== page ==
How to reduce tension in the golf swing
Tip #19 from my book, “Break 80! 52 Ways To Lower Your Golf Score Without Practice” is about overcoming all of the nervousness, tension and tightness golfers face on the course that destroys their swing and putting stroke. Simply put, it comes from fear. Fear of missing to be precise. Sometimes it’s a strong feeling and you can literally shake or tremble but most of the time, it’s very subtle and IS THE CAUSE of not being able to bring your relaxed practice swing to a round that matters.
Typical sport psychology mental game advice to deal with that is the golfer is told to “play in the present moment.” This is good advice, however, most golfers have no idea HOW to play in the present…and the tension and tightness continues no matter how many times you tell yourself to “play in the present.”
No, you need stronger medicine. You need a quick thought that can trigger a different emotion to get you out of the emotion of FEAR that is causing the tension. This mental shift tactic has the potential to do that for you. You’re welcome!
Greens and fairways,
19. Instant cure for the fear of missing
…You’re on your home course at the 12th hole with that out-of-bounds fence line on the right.
…You long ago lost track of how many balls have sailed over that fence and cost you a balloon score.
…Every time you get up on the tee box for this hole you find that you get a pit in your stomach feeling or a twinge in your arms that works it’s way to freezing up your muscles.
…You make it worse by allowing the thought that “I hate this hole” or “I’m not going to hit this one out of bounds.”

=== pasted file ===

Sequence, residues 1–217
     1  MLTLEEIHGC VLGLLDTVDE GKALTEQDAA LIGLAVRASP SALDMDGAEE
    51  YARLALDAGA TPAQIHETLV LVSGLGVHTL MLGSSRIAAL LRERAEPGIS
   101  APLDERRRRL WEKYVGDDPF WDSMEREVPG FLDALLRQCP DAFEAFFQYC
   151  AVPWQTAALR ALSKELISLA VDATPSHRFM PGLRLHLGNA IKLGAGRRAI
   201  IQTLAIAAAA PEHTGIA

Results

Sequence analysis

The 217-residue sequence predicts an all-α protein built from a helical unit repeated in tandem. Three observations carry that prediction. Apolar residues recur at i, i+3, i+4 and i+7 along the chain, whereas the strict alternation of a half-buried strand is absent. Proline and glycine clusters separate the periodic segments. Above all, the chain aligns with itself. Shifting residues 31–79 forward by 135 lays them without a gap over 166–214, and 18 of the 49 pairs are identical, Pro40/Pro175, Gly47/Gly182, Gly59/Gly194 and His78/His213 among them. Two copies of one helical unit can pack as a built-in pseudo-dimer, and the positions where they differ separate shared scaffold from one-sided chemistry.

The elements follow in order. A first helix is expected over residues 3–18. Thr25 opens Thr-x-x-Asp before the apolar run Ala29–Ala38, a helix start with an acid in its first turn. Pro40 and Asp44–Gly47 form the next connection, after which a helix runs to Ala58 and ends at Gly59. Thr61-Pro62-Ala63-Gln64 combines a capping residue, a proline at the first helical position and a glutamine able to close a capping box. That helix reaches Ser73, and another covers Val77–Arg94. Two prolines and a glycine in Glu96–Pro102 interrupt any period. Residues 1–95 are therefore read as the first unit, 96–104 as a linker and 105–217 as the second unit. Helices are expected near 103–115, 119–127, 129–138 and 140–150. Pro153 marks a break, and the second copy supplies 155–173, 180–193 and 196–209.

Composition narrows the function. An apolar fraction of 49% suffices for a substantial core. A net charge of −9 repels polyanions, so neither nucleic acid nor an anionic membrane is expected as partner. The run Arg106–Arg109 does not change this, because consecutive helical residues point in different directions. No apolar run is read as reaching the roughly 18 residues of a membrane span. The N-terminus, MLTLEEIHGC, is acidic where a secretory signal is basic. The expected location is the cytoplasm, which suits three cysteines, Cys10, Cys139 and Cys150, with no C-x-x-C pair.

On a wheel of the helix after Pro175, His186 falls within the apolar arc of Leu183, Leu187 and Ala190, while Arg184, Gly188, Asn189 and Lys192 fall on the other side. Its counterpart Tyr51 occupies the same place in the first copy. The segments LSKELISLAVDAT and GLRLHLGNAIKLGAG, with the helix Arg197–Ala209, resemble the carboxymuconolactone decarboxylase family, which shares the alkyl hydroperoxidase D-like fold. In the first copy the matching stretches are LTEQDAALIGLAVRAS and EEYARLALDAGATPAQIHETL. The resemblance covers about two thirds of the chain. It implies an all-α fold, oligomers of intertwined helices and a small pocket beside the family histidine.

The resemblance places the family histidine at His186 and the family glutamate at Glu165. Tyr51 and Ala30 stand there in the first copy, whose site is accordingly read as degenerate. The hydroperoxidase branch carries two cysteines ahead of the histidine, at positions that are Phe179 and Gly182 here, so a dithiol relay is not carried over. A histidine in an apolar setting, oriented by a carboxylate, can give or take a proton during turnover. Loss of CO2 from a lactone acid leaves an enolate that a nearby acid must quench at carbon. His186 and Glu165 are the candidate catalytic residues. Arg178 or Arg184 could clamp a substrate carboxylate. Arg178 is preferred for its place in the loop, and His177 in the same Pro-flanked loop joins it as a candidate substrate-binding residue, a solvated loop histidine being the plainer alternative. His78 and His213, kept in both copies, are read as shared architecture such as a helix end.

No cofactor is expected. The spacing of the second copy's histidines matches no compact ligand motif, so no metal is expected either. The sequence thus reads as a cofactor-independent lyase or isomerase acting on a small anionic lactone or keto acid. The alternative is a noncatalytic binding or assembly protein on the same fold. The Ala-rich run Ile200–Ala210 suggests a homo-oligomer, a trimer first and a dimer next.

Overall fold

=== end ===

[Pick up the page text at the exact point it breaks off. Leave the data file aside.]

…You might even voice it out loud as if you are telling God or The Universe that that is exactly what you want to have happen…
Sam Snead used to say that he was more afraid of a 4-foot putt than a charging elephant on his hunting safaris.
Fear sets in and you feel it.
Boy do you feel it, and you know what usually happens next- right?
I’ve got the shortcut for how to deal with fear when you haven’t learned my emotional mastery process.
The antidote to fear is CURIOSITY and it is now and forever your best friend on the golf course.
Any time you feel any sort of overblown fear going into some unknown situation (like “will I make this putt or not”), you want to tell yourself in the most playful, cheery tone you can muster: “I wonder what this will be like?”
You see, if you go into things for the main reason of satisfying your CURIOSITY, then you will always be successful at that and you will have no fear.
Changing your outcome and then knowing it will happen can rearrange your emotional chemistry in seconds.